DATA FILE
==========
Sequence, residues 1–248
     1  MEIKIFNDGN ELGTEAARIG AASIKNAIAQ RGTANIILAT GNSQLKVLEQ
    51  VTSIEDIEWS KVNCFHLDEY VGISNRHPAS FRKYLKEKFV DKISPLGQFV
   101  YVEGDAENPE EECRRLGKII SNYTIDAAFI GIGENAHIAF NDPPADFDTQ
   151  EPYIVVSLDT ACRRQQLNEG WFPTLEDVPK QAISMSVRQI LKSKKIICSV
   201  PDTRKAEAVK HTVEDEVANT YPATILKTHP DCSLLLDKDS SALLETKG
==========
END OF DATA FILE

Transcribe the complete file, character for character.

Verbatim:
Sequence, residues 1–248
     1  MEIKIFNDGN ELGTEAARIG AASIKNAIAQ RGTANIILAT GNSQLKVLEQ
    51  VTSIEDIEWS KVNCFHLDEY VGISNRHPAS FRKYLKEKFV DKISPLGQFV
   101  YVEGDAENPE EECRRLGKII SNYTIDAAFI GIGENAHIAF NDPPADFDTQ
   151  EPYIVVSLDT ACRRQQLNEG WFPTLEDVPK QAISMSVRQI LKSKKIICSV
   201  PDTRKAEAVK HTVEDEVANT YPATILKTHP DCSLLLDKDS SALLETKG